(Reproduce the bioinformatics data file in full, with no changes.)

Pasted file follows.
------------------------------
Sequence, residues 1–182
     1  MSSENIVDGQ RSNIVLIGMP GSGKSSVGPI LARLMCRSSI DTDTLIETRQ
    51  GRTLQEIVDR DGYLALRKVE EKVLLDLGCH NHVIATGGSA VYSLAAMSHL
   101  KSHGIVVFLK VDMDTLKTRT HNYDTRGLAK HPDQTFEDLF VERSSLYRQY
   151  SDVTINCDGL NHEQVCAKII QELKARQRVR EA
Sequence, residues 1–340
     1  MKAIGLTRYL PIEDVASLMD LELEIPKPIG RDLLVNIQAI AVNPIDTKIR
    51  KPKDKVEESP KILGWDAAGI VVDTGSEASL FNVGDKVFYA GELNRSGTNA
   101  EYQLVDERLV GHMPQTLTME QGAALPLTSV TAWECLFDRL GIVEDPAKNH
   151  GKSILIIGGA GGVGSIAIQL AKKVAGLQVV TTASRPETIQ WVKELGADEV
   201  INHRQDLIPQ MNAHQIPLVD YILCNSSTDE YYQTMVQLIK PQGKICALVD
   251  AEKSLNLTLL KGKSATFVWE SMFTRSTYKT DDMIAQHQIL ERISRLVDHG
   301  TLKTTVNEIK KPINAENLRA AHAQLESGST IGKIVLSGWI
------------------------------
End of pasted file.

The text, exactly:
Sequence, residues 1–182
     1  MSSENIVDGQ RSNIVLIGMP GSGKSSVGPI LARLMCRSSI DTDTLIETRQ
    51  GRTLQEIVDR DGYLALRKVE EKVLLDLGCH NHVIATGGSA VYSLAAMSHL
   101  KSHGIVVFLK VDMDTLKTRT HNYDTRGLAK HPDQTFEDLF VERSSLYRQY
   151  SDVTINCDGL NHEQVCAKII QELKARQRVR EA
Sequence, residues 1–340
     1  MKAIGLTRYL PIEDVASLMD LELEIPKPIG RDLLVNIQAI AVNPIDTKIR
    51  KPKDKVEESP KILGWDAAGI VVDTGSEASL FNVGDKVFYA GELNRSGTNA
   101  EYQLVDERLV GHMPQTLTME QGAALPLTSV TAWECLFDRL GIVEDPAKNH
   151  GKSILIIGGA GGVGSIAIQL AKKVAGLQVV TTASRPETIQ WVKELGADEV
   201  INHRQDLIPQ MNAHQIPLVD YILCNSSTDE YYQTMVQLIK PQGKICALVD
   251  AEKSLNLTLL KGKSATFVWE SMFTRSTYKT DDMIAQHQIL ERISRLVDHG
   301  TLKTTVNEIK KPINAENLRA AHAQLESGST IGKIVLSGWI